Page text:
On the Second Sunday of Lent, the Evangelist Luke emphasizes that Jesus went up on the mountain “to pray” (9:28), together with the Apostles Peter, James and John, and it was “while he prayed” (9:29) that the luminous mystery of his Transfiguration occurred.
Thus, for the three Apostles, going up the mountain meant being involved in the prayer of Jesus, who frequently withdrew in prayer especially at dawn and after sunset, and sometimes all night.
However, this was the only time, on the mountain, that he chose to reveal to his friends the inner light that filled him when he prayed: his face, we read in the Gospel, shone and his clothes were radiant with the splendour of the divine Person of the Incarnate Word (cf. Lk 9:29).
There is another detail proper to St Luke’s narrative which deserves emphasis: the mention of the topic of Jesus’ conversation with Moses and Elijah, who appeared beside him when he was transfigured.
As the Evangelist tells us, they “talked with him… and spoke of his departure” (in Greek, éxodos), “which he was to accomplish at Jerusalem” (9:31).
Therefore, Jesus listens to the Law and the Prophets who spoke to him about his death and Resurrection.
In his intimate dialogue with the Father, he did not depart from history, he did not flee the mission for which he came into the world, although he knew that to attain glory he would have to pass through the Cross.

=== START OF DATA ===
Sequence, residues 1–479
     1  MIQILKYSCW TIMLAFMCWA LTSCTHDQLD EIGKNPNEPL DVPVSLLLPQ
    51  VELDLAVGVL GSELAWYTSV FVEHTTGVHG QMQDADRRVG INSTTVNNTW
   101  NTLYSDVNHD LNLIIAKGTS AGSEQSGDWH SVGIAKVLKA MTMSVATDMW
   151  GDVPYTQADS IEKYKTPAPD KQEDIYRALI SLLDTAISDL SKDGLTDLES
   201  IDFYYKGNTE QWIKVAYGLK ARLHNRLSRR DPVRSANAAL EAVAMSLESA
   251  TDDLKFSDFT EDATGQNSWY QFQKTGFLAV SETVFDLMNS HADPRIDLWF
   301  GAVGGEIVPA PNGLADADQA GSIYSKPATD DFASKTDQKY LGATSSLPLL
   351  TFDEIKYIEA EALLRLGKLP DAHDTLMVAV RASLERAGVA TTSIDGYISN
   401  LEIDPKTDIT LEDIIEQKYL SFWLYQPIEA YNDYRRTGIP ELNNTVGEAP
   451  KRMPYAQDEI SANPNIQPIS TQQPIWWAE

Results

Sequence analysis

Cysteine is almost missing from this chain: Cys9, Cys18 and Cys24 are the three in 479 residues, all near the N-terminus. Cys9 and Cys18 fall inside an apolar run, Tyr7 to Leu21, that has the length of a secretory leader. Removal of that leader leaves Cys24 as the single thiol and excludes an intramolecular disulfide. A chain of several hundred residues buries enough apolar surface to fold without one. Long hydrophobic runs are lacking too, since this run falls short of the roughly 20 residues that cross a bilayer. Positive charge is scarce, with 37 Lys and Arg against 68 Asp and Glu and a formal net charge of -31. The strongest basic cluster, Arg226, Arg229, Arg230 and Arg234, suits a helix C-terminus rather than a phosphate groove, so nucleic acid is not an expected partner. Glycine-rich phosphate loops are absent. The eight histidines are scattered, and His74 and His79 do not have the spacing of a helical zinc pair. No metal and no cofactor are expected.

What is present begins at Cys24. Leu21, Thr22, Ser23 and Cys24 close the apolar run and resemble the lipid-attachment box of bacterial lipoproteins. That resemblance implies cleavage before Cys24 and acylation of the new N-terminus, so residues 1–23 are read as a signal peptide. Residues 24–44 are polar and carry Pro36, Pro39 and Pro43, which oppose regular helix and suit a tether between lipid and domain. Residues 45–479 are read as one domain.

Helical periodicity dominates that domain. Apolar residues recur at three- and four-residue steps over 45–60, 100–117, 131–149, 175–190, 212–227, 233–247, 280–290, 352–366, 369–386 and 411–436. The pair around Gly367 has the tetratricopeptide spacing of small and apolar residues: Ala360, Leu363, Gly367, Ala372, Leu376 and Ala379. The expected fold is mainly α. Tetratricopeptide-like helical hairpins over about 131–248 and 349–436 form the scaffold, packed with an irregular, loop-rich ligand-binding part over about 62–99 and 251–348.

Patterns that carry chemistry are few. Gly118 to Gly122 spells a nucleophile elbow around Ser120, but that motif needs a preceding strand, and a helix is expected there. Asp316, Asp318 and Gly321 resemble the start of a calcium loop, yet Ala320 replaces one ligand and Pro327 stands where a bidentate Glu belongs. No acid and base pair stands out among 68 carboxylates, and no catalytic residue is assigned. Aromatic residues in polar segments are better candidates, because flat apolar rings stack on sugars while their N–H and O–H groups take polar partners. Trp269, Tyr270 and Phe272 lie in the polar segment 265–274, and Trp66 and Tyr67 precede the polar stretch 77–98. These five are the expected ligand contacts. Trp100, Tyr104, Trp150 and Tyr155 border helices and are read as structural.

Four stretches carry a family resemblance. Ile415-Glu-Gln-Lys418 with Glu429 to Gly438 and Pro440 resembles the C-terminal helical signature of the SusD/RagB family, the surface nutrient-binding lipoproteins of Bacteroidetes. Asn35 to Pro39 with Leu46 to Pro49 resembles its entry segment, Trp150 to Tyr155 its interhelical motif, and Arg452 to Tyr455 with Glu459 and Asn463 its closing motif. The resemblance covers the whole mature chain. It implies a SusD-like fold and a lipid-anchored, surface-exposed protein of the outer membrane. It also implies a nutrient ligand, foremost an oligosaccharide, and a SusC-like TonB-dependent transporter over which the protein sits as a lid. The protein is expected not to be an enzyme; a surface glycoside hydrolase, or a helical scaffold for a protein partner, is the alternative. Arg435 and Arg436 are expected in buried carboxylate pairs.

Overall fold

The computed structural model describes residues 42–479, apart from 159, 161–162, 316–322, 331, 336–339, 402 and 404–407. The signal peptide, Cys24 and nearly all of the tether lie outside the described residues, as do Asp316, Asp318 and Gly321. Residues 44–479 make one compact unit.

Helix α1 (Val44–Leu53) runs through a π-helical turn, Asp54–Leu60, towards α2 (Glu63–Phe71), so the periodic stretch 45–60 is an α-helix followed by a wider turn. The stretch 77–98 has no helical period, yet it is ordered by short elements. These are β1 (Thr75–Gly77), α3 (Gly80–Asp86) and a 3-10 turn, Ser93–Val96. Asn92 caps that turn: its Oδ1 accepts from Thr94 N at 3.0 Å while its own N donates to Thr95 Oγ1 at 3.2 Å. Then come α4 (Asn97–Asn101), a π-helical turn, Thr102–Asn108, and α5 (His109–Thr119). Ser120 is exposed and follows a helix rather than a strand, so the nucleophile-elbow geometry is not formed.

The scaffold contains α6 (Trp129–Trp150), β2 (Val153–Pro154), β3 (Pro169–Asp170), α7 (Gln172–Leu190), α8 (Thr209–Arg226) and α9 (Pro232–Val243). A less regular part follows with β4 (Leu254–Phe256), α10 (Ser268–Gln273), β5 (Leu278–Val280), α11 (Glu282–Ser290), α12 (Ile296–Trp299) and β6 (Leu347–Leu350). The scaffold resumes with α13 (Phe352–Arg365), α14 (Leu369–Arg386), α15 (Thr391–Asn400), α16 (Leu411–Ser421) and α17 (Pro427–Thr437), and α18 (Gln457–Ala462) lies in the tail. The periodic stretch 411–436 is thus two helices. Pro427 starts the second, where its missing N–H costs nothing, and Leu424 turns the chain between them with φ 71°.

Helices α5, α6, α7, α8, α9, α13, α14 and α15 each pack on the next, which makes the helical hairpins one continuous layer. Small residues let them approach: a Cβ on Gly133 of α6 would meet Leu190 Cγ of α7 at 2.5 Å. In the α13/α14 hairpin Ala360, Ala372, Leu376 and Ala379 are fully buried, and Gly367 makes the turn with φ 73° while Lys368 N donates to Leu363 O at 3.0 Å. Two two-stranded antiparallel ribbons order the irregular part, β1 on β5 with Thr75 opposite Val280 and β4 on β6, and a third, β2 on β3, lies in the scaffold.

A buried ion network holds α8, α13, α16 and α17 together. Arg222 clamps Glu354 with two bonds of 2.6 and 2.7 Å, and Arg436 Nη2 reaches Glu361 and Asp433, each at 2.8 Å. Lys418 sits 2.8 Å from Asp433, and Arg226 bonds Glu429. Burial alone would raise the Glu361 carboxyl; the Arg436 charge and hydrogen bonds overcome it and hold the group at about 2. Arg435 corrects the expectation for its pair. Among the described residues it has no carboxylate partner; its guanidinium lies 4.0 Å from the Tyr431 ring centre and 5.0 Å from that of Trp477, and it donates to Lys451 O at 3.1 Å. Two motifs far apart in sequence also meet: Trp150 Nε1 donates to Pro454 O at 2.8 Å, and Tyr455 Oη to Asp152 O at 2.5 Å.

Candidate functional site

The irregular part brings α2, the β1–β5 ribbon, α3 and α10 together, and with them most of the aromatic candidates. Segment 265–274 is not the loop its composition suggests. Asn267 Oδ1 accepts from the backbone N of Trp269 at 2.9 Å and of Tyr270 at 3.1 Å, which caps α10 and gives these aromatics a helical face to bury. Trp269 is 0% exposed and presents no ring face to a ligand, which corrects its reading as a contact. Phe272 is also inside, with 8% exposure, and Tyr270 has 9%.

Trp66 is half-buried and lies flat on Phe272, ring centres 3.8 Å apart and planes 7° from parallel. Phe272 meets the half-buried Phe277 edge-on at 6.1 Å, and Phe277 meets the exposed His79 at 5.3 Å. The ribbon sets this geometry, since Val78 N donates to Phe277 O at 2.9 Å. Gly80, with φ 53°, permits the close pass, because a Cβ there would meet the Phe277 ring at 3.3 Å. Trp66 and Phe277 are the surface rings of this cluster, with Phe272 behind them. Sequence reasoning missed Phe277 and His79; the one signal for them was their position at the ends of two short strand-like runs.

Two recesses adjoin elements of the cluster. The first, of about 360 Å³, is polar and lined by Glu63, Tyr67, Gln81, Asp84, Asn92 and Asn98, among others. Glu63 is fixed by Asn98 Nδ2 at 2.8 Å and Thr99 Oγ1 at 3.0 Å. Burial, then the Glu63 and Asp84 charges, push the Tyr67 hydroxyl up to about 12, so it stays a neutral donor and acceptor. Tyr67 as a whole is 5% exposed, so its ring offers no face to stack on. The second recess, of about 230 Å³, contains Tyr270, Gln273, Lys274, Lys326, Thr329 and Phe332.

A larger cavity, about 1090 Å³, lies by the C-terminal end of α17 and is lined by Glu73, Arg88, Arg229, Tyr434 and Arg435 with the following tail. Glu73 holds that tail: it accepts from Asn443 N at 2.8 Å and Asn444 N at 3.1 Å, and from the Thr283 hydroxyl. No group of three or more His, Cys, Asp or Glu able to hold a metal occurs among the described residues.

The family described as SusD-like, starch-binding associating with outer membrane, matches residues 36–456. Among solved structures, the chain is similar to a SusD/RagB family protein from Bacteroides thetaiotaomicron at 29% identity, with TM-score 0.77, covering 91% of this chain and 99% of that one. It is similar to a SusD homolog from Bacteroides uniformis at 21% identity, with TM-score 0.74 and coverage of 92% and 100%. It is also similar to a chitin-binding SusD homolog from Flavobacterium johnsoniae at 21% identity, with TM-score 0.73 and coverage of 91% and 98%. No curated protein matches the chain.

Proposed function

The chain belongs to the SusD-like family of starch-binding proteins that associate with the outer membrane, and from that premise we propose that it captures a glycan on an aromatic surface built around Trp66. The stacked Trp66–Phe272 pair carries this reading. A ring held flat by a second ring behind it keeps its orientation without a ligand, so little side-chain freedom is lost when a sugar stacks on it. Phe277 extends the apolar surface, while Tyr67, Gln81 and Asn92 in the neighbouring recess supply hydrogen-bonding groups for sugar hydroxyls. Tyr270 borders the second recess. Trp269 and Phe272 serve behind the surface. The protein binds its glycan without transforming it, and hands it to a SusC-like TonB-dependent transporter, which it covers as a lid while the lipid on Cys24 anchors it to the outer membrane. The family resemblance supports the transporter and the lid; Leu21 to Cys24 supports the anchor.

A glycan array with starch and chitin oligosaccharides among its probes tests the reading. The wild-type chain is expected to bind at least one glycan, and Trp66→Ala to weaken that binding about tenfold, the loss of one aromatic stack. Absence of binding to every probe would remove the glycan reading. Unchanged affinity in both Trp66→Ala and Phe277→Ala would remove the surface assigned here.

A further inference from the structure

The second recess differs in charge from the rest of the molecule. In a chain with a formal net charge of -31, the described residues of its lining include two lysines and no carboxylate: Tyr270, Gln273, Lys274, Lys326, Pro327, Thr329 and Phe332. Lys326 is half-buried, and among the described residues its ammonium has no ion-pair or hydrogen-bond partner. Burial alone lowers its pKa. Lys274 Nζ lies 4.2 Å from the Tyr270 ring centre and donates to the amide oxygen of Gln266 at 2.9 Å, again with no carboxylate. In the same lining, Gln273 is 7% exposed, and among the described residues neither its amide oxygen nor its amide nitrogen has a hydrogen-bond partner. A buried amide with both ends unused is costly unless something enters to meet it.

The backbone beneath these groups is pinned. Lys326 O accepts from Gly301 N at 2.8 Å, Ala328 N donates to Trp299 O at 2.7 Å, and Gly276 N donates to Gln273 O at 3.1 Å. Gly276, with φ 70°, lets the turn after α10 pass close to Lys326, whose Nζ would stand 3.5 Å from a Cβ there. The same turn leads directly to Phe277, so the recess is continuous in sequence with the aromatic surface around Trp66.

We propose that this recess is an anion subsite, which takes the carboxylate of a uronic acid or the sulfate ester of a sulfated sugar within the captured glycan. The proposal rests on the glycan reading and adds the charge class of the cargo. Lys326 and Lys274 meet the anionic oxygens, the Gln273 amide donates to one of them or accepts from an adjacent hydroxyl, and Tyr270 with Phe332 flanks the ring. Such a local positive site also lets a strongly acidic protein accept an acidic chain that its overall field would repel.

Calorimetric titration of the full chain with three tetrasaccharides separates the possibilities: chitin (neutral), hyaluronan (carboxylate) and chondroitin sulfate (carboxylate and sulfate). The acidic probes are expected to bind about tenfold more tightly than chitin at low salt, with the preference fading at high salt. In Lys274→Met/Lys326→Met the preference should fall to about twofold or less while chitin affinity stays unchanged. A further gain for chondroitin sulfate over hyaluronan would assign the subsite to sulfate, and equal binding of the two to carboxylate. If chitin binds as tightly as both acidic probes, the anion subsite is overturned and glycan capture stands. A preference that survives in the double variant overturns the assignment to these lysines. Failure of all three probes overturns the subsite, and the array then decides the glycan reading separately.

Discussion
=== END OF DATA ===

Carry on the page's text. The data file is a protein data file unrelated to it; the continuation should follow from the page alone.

On the contrary, Christ enters more deeply into this mission, adhering with all his being to the Father’s will; he shows us that true prayer consists precisely in uniting our will with that of God.
For a Christian, therefore, to pray is not to evade reality and the responsibilities it brings but rather, to fully assume them, trusting in the faithful and inexhaustible love of the Lord.
For this reason, the verification of the Transfiguration is, paradoxically, the Agony in Gethsemane (cf. Lk 22:39-46).
With his impending Passion, Jesus was to feel mortal anguish and entrust himself to the divine will; his prayer at that moment would become a pledge of salvation for us all.
Indeed, Christ was to implore the Heavenly Father “to free him from death” and, as the author of the Letter to the Hebrews wrote: “he was heard for his godly fear” (5:7). The Resurrection is proof that he was heard.
Dear brothers and sisters, prayer is not an accessory or “optional”, but a question of life or death. In fact, only those who pray, in other words, who entrust themselves to God with filial love, can enter eternal life, which is God himself.
Benedict XVI (b. 1927): Angelus Address, Second Sunday of Lent, 4 March 2007 @ Vatican Website.